For many here, 42-year-old Gopichand, or "Gopi Sir", is an organic portrait of unadulterated grit and determination. These are traits he inspires in his students, too. The only guru dakshina
this Dronacharya of Indian badminton seeks, say his students, is complete dedication to the sport. This dedication traces itself to the days when Gopichand himself was a champion in the making.
As a boy of five who'd cross the road with his eyes shut for fun, Gopichand always liked games. On one of his shut-eyed jaunts, he crashed into a bicycle. But the incident never scared him; he continued to keep the game, albeit dangerous.
Gopichand initially favoured cricket, but after a sunstroke, his mother, Subbaravamma, and elder brother, Rajashekhar, steered him towards badminton when he was about 10. By the time he was 13, Gopichand was recovering from his first ligament injury and in a year found himself at the finals of the Andhra Pradesh State Junior Badminton ship in 1987, losing the title only to Rajashekhar.
His interest in badminton proved to be an expensive pursuit. As the story goes, in 1992, when a good quality racquet could cost Rs 20,000, his mother sold her jewellery to get him one. For years the family never ate a meal outside so that it could fund Gopichand's training.
The sacrifice bore results as Gopichand steadily steered his way to the top. But his life was so plagued with injuries that some in the family actually called him "Mr Casualty". In 1994, Gopichand was partnering with Vijay Raghavan at the national games in Pune when the two collided violently while reaching for the same shot. Soon after, Gopichand lay on a hospital bed with a career-threatening injury to his left knee; surgeons told him they weren't sure how well he'd recover.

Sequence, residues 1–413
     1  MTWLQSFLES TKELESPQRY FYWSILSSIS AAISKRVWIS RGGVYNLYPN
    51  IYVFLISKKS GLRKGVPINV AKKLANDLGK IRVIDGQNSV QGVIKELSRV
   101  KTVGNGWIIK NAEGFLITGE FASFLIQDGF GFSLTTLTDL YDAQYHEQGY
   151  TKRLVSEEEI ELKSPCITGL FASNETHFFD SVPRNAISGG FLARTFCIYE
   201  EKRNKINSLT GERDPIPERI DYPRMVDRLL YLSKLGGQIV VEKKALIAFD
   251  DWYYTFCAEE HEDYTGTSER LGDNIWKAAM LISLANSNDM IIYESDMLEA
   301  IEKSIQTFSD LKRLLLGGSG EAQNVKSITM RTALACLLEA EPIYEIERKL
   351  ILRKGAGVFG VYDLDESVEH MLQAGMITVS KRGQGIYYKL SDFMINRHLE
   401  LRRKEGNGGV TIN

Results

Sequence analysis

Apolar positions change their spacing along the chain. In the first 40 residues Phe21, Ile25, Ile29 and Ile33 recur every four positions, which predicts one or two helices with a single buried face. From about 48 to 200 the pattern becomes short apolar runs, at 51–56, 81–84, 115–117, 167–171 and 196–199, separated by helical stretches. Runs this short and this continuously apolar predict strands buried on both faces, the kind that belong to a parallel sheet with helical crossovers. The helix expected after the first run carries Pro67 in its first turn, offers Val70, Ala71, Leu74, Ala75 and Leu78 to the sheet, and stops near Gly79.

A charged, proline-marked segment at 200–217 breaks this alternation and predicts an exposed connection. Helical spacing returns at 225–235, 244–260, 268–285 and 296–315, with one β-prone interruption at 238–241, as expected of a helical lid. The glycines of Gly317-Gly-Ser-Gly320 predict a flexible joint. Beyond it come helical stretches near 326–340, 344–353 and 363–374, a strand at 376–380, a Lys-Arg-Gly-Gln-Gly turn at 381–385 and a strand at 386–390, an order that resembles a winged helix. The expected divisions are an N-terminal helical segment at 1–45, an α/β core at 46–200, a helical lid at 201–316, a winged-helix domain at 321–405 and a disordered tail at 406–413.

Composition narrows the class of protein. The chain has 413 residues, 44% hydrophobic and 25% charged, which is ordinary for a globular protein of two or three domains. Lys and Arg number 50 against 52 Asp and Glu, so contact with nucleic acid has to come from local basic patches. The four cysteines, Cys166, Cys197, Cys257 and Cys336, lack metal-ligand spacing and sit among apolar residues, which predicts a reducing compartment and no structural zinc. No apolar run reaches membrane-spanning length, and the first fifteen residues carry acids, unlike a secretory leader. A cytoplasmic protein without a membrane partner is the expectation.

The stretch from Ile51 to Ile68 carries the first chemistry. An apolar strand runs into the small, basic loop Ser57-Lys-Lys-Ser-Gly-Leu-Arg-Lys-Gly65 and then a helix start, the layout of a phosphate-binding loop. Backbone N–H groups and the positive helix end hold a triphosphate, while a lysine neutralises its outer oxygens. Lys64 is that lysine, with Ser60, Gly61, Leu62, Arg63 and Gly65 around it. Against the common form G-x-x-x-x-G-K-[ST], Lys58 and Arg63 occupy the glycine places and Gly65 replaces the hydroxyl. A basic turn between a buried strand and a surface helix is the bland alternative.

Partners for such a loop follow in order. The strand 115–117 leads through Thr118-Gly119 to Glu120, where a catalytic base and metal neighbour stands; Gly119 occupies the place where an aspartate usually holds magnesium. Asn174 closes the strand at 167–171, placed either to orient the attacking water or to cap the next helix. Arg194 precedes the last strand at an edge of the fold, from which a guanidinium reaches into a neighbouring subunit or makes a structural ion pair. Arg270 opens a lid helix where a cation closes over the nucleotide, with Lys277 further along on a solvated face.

Sitting on a wheelchair, Gopichand laboured on as he began to practise hitting the shuttle back and forth on the wall. "Everyone had written him off," says Sanjay Sharma, former national badminton coach and player.
Four surgeries and three years later, Gopichand came roaring back. He went on to win the All England Open Championship in 2001. Only Prakash Padukone had won the much-coveted honour for India before that, back in 1980.
"His is a story of sheer determination and will power," says Sharma who co-wrote Pullela Gopi Chand: The World Beneath His Feat
(Rupa) with his daughter, Shachi, in 2011.
School for shuttlers